In Trendsetteuse (C-828/18), the Court of Justice of the EU held that in order to be protected under the Commercial Agency Directive, it is not required that the commercial agent has the power to negotiate the price of a transaction.
Definition of commercial agent
A commercial agent is a self-employed intermediary with continuing authority to negotiate transactions on behalf of the principal, or to negotiate and conclude transactions on behalf of the principal.
An intermediary falling within the scope of this definition enjoys the (mandatory) protection of the Agency Directive (most importantly a notice period and a goodwill indemnity).
The relevant question
It was disputed whether an intermediary not having the power to negotiate the price of a transaction on behalf of the principal actually was a commercial agent enjoying the Directive’s protection.
Prior to the Court of Justice’s ruling, the French Cour de Cassation had held that an intermediary who did not have the power to negotiate the transaction price, did not qualify as a commercial agent. Meanwhile, English and Irish case law favoured a less strict reading of the term “negotiation” in which it was not required that an agent had the power to change the price.
In Belgium, although a majority of legal authors had favoured the broader view, part of the case law took the view that the commercial agent qualification required the power to negotiate the price.
The facts giving rise to the Court’s decision
The question arose in the context of the termination dispute between a principal and its former agent in the French courts. The principal – relying on the case law of the French Cour de Cassation – held that the agent should be denied protection of the (French law implementing the) Directive for lack of the power to change the price at which it sold clothing and jewelry on the principal’s behalf. The French court referred the issue to the Court of Justice for a preliminary ruling.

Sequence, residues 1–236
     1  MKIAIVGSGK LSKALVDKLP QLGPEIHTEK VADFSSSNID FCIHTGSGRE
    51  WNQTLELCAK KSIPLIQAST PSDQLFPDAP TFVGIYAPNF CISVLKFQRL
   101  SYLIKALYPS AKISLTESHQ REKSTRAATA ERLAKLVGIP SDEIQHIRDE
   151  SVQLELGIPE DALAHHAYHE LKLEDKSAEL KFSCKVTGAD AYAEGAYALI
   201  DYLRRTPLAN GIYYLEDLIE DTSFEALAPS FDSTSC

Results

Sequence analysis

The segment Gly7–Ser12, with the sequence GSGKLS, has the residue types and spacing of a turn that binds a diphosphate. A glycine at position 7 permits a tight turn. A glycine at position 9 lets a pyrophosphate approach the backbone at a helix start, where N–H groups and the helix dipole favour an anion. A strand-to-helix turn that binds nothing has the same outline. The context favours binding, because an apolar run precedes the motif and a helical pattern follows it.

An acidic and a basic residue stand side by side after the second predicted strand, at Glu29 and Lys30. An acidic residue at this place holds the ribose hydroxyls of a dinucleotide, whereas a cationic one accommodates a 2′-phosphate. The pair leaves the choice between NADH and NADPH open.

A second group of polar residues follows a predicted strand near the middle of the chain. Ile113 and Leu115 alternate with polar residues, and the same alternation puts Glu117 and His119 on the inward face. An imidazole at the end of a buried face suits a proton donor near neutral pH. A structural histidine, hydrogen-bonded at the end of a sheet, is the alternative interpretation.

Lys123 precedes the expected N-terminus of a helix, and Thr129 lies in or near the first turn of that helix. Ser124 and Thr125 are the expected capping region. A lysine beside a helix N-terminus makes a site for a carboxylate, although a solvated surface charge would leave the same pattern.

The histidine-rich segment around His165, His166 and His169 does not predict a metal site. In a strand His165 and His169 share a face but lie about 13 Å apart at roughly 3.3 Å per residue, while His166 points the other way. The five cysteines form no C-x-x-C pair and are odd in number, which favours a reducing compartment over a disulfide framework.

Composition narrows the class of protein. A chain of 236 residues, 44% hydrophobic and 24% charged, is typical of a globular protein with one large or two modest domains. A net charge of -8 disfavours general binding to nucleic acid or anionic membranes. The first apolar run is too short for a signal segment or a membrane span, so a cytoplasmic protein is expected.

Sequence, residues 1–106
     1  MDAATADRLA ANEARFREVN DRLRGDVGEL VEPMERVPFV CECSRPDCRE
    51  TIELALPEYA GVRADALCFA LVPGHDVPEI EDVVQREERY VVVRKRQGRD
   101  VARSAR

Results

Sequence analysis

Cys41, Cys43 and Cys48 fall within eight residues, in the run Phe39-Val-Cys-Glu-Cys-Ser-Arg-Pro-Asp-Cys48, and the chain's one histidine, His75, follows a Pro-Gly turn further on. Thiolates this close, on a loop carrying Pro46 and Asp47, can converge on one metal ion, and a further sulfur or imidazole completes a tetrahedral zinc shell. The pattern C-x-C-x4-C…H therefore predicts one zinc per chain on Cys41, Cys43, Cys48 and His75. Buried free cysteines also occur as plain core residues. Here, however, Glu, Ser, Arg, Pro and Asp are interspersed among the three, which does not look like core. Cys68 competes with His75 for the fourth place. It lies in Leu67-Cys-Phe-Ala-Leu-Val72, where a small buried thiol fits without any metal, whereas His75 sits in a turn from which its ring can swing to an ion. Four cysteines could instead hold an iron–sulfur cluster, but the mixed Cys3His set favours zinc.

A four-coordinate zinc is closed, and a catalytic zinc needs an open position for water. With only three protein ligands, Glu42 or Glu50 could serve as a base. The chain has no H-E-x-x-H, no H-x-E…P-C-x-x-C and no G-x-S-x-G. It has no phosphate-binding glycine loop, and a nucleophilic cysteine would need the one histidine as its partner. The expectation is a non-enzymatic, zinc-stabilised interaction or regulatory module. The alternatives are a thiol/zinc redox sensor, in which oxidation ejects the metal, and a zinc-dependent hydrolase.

The Court of Justice’s decision
The Court has decided that in order to be qualified as a commercial agent under the Directive, it is not required that the agent has the power to change the transaction price.
The Court has relied (i) on the context in which the autonomous concept “negotiate” is used and (ii) on the purpose of the rule in which it is used.
1.The agent’s power to change the price (or other conditions of the transaction) depends on the terms of his/her agreement with the principal. The fact that the agent does not have the power to change the price may be (economically) justified (e.g. taking into account factors such as the principal’s position on the market, competitors’ prices and the principal’s business continuity).
Moreover, this does not prevent him/her from carrying out his/her principal tasks as an agent under the Directive (i.e. bringing new customers to the principal and developing transactions with existing customers). The agent may carry out this remit by means of information and advice and discussions that are of such a nature as to promote the conclusion of the sale of the goods on the principal’s behalf, without the agent having the power to alter the prices.
2.The Directive is intended to protect commercial agents. Interpreting the Directive restrictively would limit the scope of that protection, by excluding from that benefit all people who do not have the power to change the price of a transaction. This would allow the principal, to circumvent the Directive’s mandatory provisions by reserving any right to negotiate the transaction price.
Consequences – the shop/showroom based model
Whether an agent has the power to change the transaction price is no longer relevant in the context of that commercial agent’s protection under the Directive.
It is clear that the Court has interpreted the Directive’s scope broadly so as to prevent the achievement of the Directive’s objective being jeopardised. In Zako (C-452/17) the Court also broadly interpreted the definition and held that an intermediary performing his/her activities from the principal’s premises does not prevent him/her from being classified as a commercial agent under the Directive.
Both rulings seem to end the discussion as to the qualification of the shop or showroom based intermediary model. Intermediaries acting in such a situation are not necessarily excluded from the Directive’s mandatory protection.
However, some active involvement by the agent will still be required. To qualify as a commercial agent, the intermediary will have to actively convince the customer, e.g. with technical know-how, to enter into a transaction. The situation in which customers spontaneously volunteer to buy the products would in my view not be sufficient to grant the commercial agent status.